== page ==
Today’s post comes courtesy of Kathryn Price at Cornerstones Literary Consultancy. I’m big fan of Literary Consultants and am hugely grateful to Cornerstones for their work with me on Fury. The experience did more than simply improve the manuscript. It taught me how to edit.
If you find this post useful, you can find more fabulous advice on Cornerstones’ blog.
Listen Very Carefully, I shall Say Zees Only Once
When I was at primary school our teacher (Mrs Bates, she was wonderful) set us an exercise called ‘following instructions’. It was a bit of fun, really, a list of numbered instructions involving writing your name in various styles and colours, drawing circles around some words and not others, colouring in bits and pieces. There was just one catch: point number one was ‘read all of these instructions carefully first.’ And the final instruction was ‘do nothing except write your name at the top of this piece of paper.’ Cue lots of ten-year-olds reaching the end of their list and frantically trying to rub out everything they’d spent the last half hour painstakingly completing. It was an object lesson that has stayed with me, and one I think we can all benefit from.
Following instructions is crucial when it comes to submitting your work. As a rule, industry guidelines are designed to help you, and to save time by ensuring you’re not submitting material that isn’t going to be read (as well as making the agent or editor’s job easier). But they’re also – deliberately or no – a good way of whittling out authors who might be tricky to work with, and they can help to flag up potential problems with a manuscript. For example, if an agent has asked for just your first chapter and you send them an email saying, ‘I’ve included three chapters because nothing really happens in the first one’, not only may they feel that you’re making unreasonable demands on their time, but alarm bells will be ringing about the contents of chapter one.
Many agents have quite specific requirements and these can be a bugbear, or confusing, for some authors. ‘Agent X wants a ten page synopsis but agent Y only wants to see a page! How am I supposed to know what to submit?’ It can be puzzling when agents’ requirements vary so widely, but at the same time these agents have given very clear guidelines, so submitting to them ought to be easy. (And if an agent doesn’t specify what sort of summary you should be submitting, we can give you some advice on how to produce an industry-standard synopsis that will wow pretty much anyone). The point is that, if you give them exactly what they’ve asked for, it’s going to be that much harder to reject your manuscript on a technicality.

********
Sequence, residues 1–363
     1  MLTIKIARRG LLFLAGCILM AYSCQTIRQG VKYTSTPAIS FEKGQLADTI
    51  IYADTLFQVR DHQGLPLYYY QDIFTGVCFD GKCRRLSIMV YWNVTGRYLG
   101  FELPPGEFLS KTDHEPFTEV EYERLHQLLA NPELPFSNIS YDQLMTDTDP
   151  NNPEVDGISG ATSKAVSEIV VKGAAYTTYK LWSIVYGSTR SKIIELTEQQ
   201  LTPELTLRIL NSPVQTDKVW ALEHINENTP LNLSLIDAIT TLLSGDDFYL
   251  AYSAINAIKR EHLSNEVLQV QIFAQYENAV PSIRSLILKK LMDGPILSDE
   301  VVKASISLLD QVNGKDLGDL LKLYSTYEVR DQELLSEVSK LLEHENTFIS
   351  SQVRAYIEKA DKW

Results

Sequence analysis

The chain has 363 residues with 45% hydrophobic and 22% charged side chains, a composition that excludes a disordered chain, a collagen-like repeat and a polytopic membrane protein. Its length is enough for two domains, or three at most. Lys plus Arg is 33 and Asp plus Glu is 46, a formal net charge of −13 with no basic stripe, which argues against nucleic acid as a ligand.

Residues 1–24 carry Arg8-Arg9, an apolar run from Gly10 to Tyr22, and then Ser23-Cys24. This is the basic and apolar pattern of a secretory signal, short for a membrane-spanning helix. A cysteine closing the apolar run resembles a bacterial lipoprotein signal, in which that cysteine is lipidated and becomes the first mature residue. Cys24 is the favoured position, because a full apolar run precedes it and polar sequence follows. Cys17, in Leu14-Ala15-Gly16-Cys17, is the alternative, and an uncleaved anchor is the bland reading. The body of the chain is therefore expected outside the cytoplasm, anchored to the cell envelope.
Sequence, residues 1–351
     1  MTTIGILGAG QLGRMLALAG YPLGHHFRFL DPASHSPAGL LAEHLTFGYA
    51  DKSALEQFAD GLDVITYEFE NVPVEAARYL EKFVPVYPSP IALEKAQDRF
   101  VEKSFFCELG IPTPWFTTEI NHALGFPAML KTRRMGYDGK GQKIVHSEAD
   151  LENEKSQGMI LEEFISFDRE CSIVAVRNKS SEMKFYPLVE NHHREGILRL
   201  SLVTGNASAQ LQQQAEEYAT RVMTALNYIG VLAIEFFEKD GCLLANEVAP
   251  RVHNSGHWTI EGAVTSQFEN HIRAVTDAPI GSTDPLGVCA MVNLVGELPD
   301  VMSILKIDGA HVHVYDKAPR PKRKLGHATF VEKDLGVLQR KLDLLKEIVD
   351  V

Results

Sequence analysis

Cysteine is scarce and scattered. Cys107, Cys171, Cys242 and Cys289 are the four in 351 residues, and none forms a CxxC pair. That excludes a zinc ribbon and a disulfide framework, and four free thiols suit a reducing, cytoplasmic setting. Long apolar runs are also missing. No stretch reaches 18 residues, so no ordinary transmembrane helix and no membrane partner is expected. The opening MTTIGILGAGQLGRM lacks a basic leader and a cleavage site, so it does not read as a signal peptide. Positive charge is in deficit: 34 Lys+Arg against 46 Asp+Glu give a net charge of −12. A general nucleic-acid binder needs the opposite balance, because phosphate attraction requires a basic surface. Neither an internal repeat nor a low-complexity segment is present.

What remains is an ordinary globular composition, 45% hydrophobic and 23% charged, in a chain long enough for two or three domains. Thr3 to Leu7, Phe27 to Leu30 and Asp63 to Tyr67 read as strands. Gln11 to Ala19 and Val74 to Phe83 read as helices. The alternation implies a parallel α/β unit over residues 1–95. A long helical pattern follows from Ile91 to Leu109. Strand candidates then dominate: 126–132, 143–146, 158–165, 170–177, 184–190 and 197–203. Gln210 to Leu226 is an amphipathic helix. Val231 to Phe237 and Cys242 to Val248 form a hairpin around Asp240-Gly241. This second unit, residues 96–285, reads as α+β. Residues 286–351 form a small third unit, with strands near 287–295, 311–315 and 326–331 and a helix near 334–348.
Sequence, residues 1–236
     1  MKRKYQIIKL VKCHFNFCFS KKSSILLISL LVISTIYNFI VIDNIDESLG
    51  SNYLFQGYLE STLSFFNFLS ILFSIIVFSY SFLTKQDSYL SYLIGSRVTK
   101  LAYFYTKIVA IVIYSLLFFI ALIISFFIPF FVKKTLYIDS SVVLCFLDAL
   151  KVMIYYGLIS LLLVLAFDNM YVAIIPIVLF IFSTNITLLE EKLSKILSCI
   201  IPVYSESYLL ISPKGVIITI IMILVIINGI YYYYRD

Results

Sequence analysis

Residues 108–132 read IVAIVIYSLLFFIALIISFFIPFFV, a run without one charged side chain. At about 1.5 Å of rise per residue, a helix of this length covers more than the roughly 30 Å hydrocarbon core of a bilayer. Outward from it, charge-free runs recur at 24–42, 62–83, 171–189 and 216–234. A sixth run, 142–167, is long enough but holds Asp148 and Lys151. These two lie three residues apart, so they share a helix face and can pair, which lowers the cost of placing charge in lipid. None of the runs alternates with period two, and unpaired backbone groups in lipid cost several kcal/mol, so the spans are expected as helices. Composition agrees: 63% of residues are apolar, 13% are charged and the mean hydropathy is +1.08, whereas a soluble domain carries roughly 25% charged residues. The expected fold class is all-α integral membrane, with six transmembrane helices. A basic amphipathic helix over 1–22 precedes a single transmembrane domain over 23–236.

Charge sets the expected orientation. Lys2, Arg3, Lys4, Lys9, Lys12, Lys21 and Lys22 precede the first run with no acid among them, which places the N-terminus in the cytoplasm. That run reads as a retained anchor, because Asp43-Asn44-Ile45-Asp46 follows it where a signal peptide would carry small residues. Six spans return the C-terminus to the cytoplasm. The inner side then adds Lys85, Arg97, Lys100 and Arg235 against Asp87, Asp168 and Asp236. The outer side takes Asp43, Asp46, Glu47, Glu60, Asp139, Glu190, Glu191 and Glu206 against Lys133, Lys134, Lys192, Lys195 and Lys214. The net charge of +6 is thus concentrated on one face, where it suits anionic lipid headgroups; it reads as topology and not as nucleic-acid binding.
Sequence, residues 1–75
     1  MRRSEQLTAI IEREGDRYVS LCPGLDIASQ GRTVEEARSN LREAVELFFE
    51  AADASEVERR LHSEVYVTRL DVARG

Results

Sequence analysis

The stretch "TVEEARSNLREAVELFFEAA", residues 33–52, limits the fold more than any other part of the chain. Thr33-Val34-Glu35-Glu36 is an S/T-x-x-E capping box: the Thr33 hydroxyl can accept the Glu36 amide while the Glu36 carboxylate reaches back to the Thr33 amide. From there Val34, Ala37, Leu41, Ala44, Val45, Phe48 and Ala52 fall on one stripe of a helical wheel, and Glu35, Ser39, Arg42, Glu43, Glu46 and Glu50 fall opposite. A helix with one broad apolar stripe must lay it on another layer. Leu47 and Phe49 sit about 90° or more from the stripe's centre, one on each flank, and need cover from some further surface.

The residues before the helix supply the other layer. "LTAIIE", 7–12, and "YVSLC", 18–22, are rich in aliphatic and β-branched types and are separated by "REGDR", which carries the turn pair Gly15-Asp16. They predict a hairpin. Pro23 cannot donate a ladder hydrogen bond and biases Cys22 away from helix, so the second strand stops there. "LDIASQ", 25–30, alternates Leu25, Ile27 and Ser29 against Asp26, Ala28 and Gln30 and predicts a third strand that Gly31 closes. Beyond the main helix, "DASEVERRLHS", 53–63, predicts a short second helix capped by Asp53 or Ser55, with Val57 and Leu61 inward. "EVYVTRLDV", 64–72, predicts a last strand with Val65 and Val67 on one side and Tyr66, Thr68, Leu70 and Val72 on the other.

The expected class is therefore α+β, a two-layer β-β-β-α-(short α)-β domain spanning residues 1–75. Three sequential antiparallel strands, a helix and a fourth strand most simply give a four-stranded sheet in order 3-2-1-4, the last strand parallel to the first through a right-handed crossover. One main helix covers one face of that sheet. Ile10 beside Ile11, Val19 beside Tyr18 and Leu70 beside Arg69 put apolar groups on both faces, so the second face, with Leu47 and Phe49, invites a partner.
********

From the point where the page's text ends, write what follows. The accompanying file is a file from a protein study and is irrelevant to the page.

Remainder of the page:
Guidelines are also useful to save time and effort. If an agent states categorically that they don’t accept submissions of women’s commercial fiction, there really is no point in sending off a hopeful letter saying ‘Maybe you’ll make an exception when you read my manuscript…’ You don’t want to waste their time, or yours; this kind of submission looks unprofessional, as though you haven’t researched the agency properly, and can lead to disheartening rejections that may not be a true reflection of the quality of your writing.
The above may all sound very mechanical and impersonal but remember that publishing is a business and people have a lot of work to get through. And if in doubt, keep in mind that good etiquette (which is what it boils down to) will foster good relationships in the long term. An author recently submitted her work to us but it wasn’t ready for a critique, so we turned her down with some feedback. She then sent a big package of material in the post, asking if we could read it anyway – but no SAE. When she emailed asking why we hadn’t responded, we explained that we’d already read a sample and turned her down and that unfortunately we don’t have time to read lengthy material that we’re not critiquing. She asked us to return her work and when we requested an SAE she suggested that we were trying to con money out of her. But our guidelines are very clear: email or phone in the first instance, and always enclose an SAE if you would like your material returned (this is standard practice across the industry). Far from being money-grabbing, by turning her down in the first instance we had saved her the cost of a report that she wasn’t ready for. The whole exchange was time-consuming and left both parties frustrated – and could have been so easily avoided.
So remember, when you submit – you may not just be being judged on the work you’re sending out. Everything you do and each communication you have with the agent is part of the package – yourself – that you’re presenting. Think of it as a job interview where they’re trying to decide not just how good you’ll be at the job, but what you’ll be like to work with, too. That might be a bit scary, but if the agent has clear guidelines, then following them will make your interview prep easier and your chances of landing your dream job that much higher.
Good luck and if you have any questions on the submission process we’re here to help.
If you have enjoyed this post – you might like to see how Lorrie puts her methods into practice in her other work by reading SNAP by Lizzie Hexter, available from Amazon.co.uk, Amazon.com, Amazon.ca, Amazon.com.au, iTunes and Kobo.